wall hangingFirst up today is Sharon Schmeidel – back in January, she bought one of my ATC weaving kits and has been weaving away ever since. In her own words, tapestry weaving has become “another passion I should probably have done without”! The scale has increased somewhat since her ATC-sized beginnings – I’m sure you’ll agree with me that this wall-hanging is pretty awesome! Sharon is a member of the Iowa Art Quilters Group, and this piece has been on display in Grenell, Iowa, over the summer, at a show in conjunction with an area weaving conference. Cool!

doodle stitchI was also really happy to see Robin O. Mayberry’s post on her Alchemy Studio blog, about the bookmark she doodle-stitched, after I sent her a copy of my new ‘Contours’ zine, less than a month ago! The zine is all about doodles, and at the very last minute, I decide to include a bookmark as an extra. I didn’t have time to trial the concept first, so I just hoped that it would work – and it looks like it did – hurrah! Huge thanks to Robin for being my guinea pig & actually trying it out :-). If you would like to try it yourself, every bookmark that comes with the Contours zine is hand-doodled, and will be similar but different to Robin’s, so your doodle-stitching is guaranteed to be unique.

faux stampedAnd last but not least, I received a great piece of post from Kristina Howells in France. I’ve been taking part in some faux postage projects, lately (although Kristina was very quick off the mark with this one, & I haven’t created, let alone sent my response, yet!). The envelope I received from Kristina had 2 ‘real’ stamps at the top, which had been duly postmarked, but also a faux postage stamp just beneath – and what tickled me was that the faux stamp had also been postmarked! I hadn’t got too far yet with my ideas for the faux postage project, but receiving this really prompted me to give it some thought & I’m itching to get started, now…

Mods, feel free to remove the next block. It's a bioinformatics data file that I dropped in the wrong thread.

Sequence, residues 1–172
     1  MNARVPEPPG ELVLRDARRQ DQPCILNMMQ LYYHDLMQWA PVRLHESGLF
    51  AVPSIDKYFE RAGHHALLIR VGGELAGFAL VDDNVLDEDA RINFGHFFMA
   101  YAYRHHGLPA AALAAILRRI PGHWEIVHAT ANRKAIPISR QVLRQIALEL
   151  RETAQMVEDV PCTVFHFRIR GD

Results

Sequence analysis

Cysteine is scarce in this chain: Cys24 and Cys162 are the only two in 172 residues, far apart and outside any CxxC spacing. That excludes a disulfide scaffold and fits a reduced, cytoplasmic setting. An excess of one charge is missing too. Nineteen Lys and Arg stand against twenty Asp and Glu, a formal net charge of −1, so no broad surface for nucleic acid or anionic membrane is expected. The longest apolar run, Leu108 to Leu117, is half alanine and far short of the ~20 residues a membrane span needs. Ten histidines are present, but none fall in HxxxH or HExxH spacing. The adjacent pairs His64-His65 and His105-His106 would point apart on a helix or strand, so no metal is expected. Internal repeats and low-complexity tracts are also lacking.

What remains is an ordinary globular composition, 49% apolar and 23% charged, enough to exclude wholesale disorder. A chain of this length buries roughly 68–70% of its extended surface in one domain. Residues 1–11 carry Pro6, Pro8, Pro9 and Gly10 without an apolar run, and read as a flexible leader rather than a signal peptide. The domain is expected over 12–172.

Woven postcard update

arteth postcard beforeArteth's woven postcardArteth Gray has just posted the ‘before’ (pre-mail!) picture of the woven postcard I received, on her blog, so I thought I should do a before and after update here.

I feel kind of bad, because the ‘before’ picture is so lovely (look how straight those edges are!), and you can see just how much damage the journey did to it.  On the other hand, the whole point of mail art is that the journeyis a part of both the process and the artwork, so I’m still exceedingly happy to have received it, & I still think it’s brilliant.  Thanks again, so much, Arteth!

If you’re inspired by this, check out the Handwoven Postcard Project – more info to come soon!